Employees reported that the performance management system is often geared to managing underperformance at the expense of effectively identifying and recognising high-level performance. Other frequently cited concerns were that procedures were not implemented in a timely manner and that managing performance is a time-consuming process that is not adequately accommodated by agencies.

While there is more to be gained from ensuring the efforts of the vast majority of APS employees who are well motivated and skilled are well directed, not managing underperformance is a drain on resources and productivity that should be addressed.

Traditionally, the employee census has asked employees the extent to which they agree or disagree with this statement: ‘My agency deals with underperformance effectively’. Consistently, only a small proportion of employees tend to agree with this statement.

The APS performance management survey assesses agency actions in managing underperformance using three statements:

  • My agency deals with underperformance effectively.
  • My supervisor appears to manage underperformance well in my workgroup.
  • I can rely on my supervisor for guidance and support if I have to manage a case of underperformance in one of my direct reports.

The first statement provides an overall assessment of employees' perceptions of how underperformance is managed in their agency. In 2014, 20% of employees agreed with this statement. This is a slight improvement on 2013 when 18% agreed with the same statement. This further reinforces that the management of underperformance remains a considerable issue for the APS.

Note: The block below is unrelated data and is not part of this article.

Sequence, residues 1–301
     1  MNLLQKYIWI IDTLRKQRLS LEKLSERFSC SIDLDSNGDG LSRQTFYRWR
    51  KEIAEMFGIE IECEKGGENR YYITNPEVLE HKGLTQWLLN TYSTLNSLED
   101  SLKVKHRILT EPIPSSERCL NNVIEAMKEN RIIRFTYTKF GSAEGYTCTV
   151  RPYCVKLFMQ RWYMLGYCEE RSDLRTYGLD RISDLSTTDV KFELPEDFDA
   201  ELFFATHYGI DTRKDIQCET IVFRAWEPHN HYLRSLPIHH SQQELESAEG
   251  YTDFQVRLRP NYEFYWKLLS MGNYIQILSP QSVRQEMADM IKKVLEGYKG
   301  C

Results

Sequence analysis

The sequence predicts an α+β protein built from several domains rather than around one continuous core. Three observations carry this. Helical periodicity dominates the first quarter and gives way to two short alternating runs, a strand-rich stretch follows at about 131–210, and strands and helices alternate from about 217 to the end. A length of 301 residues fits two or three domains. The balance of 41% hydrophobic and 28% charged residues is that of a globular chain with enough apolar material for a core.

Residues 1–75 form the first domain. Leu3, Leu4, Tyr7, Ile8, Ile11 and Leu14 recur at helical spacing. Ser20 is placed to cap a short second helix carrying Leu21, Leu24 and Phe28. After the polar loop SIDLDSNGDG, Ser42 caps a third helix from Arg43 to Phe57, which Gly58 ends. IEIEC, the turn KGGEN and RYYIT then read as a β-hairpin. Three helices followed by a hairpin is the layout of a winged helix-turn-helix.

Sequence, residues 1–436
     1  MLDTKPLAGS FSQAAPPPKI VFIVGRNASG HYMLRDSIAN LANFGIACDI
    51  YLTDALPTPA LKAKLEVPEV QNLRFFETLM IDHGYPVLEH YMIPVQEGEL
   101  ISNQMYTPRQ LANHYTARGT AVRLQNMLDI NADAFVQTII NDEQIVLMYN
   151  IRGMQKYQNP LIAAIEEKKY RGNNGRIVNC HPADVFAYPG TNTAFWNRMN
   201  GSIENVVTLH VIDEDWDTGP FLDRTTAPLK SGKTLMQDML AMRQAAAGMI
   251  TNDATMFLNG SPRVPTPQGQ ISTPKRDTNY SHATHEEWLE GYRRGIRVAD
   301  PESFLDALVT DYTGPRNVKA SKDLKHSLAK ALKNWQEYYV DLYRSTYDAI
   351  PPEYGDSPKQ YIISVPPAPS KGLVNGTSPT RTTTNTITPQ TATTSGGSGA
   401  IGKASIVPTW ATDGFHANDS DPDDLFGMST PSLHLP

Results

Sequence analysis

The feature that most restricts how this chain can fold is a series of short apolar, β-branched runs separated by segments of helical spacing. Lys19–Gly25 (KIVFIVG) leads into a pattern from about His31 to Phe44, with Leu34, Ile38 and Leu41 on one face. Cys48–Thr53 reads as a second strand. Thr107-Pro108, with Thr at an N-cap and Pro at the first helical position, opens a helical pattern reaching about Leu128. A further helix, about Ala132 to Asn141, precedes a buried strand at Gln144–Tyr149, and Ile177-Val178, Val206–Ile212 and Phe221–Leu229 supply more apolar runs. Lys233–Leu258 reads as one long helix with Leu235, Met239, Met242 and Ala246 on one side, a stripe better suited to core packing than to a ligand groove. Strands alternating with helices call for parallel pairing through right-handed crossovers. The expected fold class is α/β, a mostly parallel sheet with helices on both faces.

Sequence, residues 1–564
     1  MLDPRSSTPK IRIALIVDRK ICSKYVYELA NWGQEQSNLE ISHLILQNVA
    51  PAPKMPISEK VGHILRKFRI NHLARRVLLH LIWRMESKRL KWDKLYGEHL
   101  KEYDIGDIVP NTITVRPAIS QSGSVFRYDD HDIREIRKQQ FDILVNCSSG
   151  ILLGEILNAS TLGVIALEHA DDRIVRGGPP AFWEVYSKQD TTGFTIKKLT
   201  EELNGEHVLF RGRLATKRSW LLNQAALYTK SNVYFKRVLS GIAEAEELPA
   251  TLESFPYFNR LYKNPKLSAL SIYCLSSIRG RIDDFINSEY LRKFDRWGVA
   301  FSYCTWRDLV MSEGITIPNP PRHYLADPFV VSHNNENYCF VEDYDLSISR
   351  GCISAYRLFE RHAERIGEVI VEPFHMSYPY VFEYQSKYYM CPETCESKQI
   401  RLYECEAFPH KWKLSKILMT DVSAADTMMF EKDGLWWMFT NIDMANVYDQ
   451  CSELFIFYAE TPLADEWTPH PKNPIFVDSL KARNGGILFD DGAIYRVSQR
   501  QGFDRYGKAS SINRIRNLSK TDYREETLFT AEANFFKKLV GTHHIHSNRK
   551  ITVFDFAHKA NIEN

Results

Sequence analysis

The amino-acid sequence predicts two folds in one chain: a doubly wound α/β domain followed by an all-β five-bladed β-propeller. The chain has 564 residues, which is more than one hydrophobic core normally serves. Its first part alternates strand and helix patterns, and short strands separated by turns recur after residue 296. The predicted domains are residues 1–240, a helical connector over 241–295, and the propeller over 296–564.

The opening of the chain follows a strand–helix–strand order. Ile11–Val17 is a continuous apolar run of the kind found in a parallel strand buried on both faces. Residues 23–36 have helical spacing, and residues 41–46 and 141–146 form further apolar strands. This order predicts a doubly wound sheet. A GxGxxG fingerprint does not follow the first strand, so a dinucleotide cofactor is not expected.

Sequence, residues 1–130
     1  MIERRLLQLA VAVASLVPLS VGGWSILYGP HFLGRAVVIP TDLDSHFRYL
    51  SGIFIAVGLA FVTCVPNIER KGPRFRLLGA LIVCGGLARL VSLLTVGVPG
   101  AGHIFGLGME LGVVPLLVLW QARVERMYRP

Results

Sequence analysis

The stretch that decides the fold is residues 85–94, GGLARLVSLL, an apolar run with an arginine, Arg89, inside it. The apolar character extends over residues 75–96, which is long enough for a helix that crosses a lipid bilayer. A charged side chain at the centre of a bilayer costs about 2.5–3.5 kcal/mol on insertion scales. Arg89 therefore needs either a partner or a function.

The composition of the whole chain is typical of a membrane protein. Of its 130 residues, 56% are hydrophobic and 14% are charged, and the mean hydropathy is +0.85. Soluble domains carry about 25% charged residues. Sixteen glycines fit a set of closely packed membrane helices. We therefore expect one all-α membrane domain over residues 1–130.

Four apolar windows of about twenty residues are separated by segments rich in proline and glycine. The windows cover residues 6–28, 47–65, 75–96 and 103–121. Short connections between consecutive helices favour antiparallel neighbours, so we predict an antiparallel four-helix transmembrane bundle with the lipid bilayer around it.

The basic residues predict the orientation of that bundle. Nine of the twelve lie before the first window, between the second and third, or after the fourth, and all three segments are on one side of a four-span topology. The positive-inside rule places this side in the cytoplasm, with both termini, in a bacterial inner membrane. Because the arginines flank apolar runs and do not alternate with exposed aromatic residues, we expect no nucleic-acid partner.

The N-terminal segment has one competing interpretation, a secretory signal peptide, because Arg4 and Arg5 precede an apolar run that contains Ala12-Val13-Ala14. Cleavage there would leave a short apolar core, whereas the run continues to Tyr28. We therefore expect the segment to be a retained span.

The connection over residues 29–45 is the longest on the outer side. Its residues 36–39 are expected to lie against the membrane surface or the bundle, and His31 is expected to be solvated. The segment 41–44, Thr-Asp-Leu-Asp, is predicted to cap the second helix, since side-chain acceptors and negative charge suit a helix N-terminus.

When the focus is limited to the management of underperformance in the workgroup (compared with agency level) a larger proportion of employees agree it is managed well, although this proportion remains low. In 2014, 37% of employees agreed that their supervisor managed underperformance well.

In relation to manager perceptions of the guidance and support they can rely on from their immediate supervisor as they manage underperformance, three-quarters of employees felt they would get the support they needed to deal with underperformance. While the majority of managers tend to agree the support and tools are available to them to manage underperformance, the consistency of employees' views to the contrary at both agency and workgroup levels, suggest this remains an area of management responsibility that requires closer and more constant attention by APS managers.

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10 ‘Effectiveness’ refers to the overall effectiveness of the performance management system within an agency. ‘Practices’ refer to the actions undertaken by manager's in managing the performance of employees. ‘Processes’ refer to the processes, policies and procedures within an agency to support the performance management system.

11 Australian Public Service Commission 2012, State of the Service Report 2011–12, Commonwealth of Australia, Canberra, p. 191.

Last reviewed: 
29 March 2018